Powerful game consoles are often just as programmable as research computers, and scientists are finding real world applications for them every day.
"There is no doubt that the entertainment industry is helping to drive the direction of high performance computational science," said Professor Peter Coveney of University College London.
The Sony PS3 and Nintendo Wii in particular can function as great scientific tools.
Gaurav Khanna, a professor at the University of Massachusetts, uses an array of 16 PS3s instead of a supercomputer to simulate two black holes merging.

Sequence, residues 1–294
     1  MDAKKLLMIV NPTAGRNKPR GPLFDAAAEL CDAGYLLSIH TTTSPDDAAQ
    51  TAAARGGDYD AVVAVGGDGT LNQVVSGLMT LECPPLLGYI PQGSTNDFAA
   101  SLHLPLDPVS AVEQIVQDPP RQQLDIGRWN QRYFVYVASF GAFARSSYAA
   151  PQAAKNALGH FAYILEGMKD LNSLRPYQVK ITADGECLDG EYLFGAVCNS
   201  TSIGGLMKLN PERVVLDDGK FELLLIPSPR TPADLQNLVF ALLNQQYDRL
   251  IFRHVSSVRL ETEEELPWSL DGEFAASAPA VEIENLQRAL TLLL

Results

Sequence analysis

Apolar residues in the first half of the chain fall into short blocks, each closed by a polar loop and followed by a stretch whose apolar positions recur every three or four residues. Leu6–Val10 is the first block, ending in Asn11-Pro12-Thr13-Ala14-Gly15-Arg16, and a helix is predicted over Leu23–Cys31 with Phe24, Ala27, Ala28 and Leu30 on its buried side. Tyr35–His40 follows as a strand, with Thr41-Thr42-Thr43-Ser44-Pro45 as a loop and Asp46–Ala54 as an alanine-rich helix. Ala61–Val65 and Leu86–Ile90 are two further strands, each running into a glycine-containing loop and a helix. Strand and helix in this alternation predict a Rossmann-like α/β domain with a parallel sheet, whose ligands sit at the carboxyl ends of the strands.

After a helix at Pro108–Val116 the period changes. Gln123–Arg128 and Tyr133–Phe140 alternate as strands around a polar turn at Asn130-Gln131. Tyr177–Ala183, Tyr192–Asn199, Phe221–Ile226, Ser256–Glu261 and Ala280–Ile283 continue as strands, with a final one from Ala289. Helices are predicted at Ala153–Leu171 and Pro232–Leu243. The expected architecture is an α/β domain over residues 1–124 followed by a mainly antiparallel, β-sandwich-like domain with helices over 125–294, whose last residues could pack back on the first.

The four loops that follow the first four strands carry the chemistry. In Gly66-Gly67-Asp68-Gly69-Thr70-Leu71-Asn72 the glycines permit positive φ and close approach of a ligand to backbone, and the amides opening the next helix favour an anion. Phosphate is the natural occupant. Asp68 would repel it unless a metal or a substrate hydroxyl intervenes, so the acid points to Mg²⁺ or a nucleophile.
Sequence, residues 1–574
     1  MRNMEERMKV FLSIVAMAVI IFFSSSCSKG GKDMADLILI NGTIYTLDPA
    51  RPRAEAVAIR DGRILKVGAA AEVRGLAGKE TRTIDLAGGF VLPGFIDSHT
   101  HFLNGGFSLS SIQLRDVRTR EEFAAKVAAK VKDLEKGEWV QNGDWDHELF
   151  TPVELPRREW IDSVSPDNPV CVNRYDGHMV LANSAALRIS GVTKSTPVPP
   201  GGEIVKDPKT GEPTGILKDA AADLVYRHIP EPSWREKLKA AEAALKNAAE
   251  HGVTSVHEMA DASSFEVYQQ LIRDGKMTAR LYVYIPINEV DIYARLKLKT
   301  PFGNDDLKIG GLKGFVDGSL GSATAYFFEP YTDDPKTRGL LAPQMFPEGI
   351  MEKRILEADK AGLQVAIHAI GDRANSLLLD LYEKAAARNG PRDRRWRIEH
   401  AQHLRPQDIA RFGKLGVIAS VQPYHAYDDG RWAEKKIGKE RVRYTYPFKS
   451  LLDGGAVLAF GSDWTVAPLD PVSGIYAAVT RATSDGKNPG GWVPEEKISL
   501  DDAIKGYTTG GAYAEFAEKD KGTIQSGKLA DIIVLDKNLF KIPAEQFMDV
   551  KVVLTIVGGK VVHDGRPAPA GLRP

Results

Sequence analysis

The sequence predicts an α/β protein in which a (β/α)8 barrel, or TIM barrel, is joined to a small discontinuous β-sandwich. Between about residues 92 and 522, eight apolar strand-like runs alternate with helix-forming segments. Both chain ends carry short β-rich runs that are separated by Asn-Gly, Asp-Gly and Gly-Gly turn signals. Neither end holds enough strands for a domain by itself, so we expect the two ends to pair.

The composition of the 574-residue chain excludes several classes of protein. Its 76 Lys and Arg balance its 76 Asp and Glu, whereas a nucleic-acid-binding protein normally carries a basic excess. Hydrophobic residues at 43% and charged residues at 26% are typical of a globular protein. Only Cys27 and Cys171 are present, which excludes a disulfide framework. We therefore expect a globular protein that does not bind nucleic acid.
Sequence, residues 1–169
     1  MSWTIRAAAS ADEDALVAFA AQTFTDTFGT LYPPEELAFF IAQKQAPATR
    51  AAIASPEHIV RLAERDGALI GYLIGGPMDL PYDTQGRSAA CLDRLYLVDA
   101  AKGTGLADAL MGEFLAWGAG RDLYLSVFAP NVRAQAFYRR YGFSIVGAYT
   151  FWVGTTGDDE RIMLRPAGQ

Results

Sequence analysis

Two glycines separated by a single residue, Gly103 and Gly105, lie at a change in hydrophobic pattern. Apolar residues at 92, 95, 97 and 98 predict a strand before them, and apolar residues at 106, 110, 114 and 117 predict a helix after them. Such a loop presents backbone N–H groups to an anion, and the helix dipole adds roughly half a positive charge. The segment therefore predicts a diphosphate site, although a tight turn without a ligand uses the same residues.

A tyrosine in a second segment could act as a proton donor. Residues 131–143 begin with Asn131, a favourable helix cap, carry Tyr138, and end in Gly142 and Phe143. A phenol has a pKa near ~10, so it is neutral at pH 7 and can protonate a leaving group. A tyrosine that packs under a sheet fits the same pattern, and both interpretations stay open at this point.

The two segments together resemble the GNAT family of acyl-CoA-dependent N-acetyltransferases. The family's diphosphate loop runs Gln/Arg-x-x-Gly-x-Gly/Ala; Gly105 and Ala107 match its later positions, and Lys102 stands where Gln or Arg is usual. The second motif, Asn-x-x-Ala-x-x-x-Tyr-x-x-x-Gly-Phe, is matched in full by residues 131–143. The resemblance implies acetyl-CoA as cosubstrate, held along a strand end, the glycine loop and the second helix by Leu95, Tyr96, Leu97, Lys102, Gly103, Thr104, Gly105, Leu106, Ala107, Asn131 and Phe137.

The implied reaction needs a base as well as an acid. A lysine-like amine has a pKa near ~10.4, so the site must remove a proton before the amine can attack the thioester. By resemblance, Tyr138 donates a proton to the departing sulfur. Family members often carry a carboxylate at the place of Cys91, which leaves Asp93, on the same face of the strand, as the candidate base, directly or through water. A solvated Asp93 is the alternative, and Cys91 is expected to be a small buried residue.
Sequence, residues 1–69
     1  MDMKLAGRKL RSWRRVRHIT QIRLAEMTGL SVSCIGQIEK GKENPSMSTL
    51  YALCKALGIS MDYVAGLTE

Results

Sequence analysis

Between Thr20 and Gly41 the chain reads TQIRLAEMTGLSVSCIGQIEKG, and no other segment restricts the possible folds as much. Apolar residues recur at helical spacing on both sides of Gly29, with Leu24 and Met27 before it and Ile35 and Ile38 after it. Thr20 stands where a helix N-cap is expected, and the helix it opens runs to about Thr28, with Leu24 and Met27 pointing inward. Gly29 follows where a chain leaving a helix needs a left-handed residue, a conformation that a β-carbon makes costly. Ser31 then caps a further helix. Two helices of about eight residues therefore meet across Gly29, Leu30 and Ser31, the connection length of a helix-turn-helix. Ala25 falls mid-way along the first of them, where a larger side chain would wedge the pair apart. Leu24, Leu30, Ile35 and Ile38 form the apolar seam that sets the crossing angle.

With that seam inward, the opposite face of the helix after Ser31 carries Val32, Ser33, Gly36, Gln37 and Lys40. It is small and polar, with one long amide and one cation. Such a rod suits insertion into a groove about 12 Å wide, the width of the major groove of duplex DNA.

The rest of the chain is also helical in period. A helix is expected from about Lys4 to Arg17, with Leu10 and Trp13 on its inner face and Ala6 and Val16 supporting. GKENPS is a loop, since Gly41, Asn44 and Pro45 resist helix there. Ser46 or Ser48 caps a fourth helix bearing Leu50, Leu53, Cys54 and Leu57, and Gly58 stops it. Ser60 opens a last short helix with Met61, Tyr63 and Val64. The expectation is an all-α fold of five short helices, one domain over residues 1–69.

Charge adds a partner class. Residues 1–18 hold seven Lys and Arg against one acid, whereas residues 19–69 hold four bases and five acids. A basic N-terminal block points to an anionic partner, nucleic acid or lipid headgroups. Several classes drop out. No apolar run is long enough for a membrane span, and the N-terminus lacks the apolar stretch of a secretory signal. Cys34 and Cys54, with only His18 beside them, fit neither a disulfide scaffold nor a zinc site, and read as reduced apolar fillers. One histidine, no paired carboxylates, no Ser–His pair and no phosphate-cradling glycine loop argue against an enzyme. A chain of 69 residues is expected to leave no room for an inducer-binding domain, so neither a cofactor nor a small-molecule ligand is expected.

"A single high-precision simulation can sometimes cost more than 5,000 hours on the TeraGrid supercomputers. For the same cost, you can build your own supercomputer using PS3s. It works just as well, has no long wait times and can be used over and over again, indefinitely," said Khanna.
We've previously seen how the Wii's cheap motion sensing technology has been useful to surgeons, but more recently, the Wii has been used during rehabilitation for recovering surgery patients and as an aid in Parkinson's therapy. Now, you can go and explain to your wife/mum/savings account why you needed all three next generation consoles on launch day—to cure cancer, obviously. [Telegraph]